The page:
Even the Hills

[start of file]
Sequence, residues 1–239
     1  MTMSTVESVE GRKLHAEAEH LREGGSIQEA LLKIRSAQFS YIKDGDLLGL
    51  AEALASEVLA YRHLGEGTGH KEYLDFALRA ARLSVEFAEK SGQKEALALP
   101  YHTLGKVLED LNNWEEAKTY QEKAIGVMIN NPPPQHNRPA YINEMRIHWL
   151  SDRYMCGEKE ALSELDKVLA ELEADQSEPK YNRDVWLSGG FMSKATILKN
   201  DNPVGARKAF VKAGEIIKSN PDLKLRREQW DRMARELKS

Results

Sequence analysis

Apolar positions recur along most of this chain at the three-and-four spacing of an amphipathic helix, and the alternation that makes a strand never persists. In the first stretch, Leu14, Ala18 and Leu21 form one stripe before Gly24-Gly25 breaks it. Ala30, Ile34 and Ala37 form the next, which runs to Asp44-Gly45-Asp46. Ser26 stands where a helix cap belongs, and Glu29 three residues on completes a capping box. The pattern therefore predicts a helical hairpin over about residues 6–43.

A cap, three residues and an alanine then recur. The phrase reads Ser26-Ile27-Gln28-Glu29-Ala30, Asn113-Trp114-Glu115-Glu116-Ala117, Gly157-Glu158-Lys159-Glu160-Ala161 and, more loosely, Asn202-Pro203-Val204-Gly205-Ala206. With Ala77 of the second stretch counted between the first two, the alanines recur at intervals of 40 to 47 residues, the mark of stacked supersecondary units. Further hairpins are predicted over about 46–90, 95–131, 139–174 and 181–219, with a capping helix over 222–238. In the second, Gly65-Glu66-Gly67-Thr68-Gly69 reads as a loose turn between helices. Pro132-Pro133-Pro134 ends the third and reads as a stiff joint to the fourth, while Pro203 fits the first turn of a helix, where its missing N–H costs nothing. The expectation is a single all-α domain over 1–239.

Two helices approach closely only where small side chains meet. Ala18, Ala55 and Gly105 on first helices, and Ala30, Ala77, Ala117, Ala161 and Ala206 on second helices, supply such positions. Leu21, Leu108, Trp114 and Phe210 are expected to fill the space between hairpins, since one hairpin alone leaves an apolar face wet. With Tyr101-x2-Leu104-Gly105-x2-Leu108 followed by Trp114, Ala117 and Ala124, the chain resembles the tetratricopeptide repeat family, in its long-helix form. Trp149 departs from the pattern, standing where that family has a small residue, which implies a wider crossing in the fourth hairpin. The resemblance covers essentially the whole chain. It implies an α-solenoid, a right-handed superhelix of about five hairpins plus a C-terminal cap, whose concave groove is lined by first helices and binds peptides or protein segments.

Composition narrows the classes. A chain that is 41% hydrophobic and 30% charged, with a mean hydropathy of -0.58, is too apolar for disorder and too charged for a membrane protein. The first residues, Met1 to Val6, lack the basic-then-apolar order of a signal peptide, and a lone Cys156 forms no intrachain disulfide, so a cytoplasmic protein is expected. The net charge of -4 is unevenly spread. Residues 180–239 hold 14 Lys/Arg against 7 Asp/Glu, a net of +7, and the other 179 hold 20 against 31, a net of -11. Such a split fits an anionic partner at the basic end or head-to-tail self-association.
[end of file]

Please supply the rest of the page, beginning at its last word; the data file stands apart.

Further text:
'Working in the medium of acoustic Folk, yet transcending it within his smoky songwriting, Holscher paints vivid pictures within his songs, which are emotionally direct in their storytelling but spectral and airy in their sonic construction. Working with local Grammy-nominated producer Ric Hordinski, Holscher has created an album of dark Americana, falling somewhere between the spaciousness of Joe Henry and the lithe Pop of Damien Rice. Holscher's voice is the definition of subtle . . . perfect for his songs, conveying fragility, melancholy and sighing resignation. His low, breathy, almost whispery voice is like a cross between Springsteen in low-key mode and Matt Behringer of current Indie sensations The National. While there are less heavy moments, much of the record swirls around in a sea of sorrow, with Holscher giving voice to those deepest, saddest emotions all of us have. Only he has the talent to turn them into pure poetry.' -City Beat, September 5, 2007 Biography Nathan sounds like what would happen if Dire Straits lost an arm wrestling match to Townes Van Zandt. Unlikely perhaps, but so is a style steeped in frequent rambles across the landscapes of both the Midwest and Southwest. Nathan writes songs that somehow reflect both compassion and restlessness. At 25, his few adult years have been spent crafting songs and working to conserve the rivers and streams that he grew up on. In 2004, Nathan recorded Pray for Rain, which made small ripples in Europe, a smattering of "best of 2004" lists, and received some independent airplay in the U.S. Even the Hills Even the Hills uses simple patterns as a roadmap, exploring loss, restlessness, and some lighter themes in it's wake. Grammy-Nominee Ric Hordinski (Over-the-Rhine, David Wilcox) brings his skills as producer and instrumentalist to the record, which was recorded at his studio in Cincinnati over a week in April '07. A talented group of seasoned musicians, including Tasha Golden of Ellery (backing vocals), Kenny Hollycross (pedal steel), Josh Seurkamp (drums) and Joe Bolinger (banjo) provided an accompaniment that was sometimes subtle, sometimes striking, but always focused. Each song leaves it's own mark, but a few words on certain standouts: -Susan Knight, July 20, 2007.